Composite Extrusion Modelling (CEM) is a new additive manufacturing process for metal that uses Metal Injection Moulding (MIM) materials. The MIM material is printed on a build plate using a moveable extruder. Subsequently, the printed greenparts are debinded and sintered in a two-step oven process. In contrast to beam-based additive processes, the microstructure of the part is not generated layer-wise by melting and solidifying small areas, but in a steady manner during sintering from the outside of the part to the inside, in order to create dense metal parts. In this study, various structures were printed and sintered in order to investigate the mechanical properties and dimensional properties of the resulting stainless-steel structures, and their dependence on the infill percentage. The measured density of the dense sintered parts is 7.47 g/cm3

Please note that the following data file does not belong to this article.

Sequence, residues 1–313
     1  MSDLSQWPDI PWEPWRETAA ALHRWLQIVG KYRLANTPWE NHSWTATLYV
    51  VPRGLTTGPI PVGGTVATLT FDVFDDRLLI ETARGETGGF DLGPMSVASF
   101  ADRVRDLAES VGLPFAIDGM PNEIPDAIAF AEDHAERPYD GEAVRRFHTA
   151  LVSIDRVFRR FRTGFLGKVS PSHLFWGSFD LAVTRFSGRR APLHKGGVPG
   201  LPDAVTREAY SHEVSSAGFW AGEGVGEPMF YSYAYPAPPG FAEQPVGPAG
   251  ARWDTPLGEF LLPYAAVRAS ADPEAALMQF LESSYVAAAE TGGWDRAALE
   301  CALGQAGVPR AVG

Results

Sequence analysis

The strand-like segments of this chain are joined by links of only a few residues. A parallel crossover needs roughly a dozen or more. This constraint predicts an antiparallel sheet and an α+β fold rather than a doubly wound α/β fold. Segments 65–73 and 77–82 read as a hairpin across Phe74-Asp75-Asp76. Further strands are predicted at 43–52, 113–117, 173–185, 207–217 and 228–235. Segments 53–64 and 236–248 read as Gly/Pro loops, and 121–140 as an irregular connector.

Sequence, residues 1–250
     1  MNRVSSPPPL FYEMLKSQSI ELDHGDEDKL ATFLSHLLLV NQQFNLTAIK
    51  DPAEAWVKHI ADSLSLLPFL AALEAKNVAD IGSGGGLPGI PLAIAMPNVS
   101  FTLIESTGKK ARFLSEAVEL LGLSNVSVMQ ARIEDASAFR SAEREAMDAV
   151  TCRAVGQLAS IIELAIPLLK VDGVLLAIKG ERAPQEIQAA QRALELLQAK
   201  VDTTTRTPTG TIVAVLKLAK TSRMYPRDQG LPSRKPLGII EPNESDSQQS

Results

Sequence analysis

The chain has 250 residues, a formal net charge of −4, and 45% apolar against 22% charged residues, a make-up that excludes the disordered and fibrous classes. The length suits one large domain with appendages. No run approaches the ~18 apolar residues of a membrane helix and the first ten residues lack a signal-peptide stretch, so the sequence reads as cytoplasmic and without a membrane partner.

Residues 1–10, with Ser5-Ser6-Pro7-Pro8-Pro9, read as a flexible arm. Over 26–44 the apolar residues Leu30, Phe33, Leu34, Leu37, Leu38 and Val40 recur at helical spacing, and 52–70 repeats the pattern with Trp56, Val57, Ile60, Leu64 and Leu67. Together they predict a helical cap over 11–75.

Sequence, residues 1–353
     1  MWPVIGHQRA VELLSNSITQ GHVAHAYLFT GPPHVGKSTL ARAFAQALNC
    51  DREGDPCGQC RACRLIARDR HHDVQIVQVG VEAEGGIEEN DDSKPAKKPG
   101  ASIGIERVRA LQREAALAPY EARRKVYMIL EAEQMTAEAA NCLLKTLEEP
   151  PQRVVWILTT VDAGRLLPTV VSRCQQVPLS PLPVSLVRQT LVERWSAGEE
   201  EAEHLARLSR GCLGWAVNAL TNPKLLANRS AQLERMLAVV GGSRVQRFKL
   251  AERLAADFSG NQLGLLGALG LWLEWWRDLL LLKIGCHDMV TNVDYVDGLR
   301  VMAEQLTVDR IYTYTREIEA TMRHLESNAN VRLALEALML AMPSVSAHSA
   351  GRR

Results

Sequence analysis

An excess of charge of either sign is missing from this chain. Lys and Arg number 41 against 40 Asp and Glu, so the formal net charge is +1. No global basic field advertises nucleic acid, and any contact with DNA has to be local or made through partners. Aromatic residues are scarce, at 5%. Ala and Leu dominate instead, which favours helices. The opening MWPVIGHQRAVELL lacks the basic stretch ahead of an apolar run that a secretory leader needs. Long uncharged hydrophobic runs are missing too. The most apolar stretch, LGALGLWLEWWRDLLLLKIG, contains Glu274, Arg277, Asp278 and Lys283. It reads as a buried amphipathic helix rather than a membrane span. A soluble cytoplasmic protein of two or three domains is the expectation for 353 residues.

and the sintering shrinkage is in the range from 14.6 to 16.8%. The compressive strength (σdm50
) of the specimens varies in the range from 1220 to 2345 MPa dependent on the infill percentage. The measured density and the sintering shrinkage are very close to the values specified by the manufacturer of the MIM material.
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